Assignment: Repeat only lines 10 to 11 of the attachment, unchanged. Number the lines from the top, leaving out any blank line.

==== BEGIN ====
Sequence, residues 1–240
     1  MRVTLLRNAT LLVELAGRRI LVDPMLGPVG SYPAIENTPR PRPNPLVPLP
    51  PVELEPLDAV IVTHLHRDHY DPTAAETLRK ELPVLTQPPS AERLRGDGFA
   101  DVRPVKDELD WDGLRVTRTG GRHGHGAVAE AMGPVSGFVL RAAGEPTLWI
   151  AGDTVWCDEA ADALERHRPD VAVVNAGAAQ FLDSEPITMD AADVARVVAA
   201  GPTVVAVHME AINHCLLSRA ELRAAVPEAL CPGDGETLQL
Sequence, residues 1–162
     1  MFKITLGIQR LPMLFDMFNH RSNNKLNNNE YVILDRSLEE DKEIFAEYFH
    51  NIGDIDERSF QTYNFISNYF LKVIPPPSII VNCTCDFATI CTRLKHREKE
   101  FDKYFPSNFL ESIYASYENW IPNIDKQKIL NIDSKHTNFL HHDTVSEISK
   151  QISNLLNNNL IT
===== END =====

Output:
   101  FDKYFPSNFL ESIYASYENW IPNIDKQKIL NIDSKHTNFL HHDTVSEISK
   151  QISNLLNNNL IT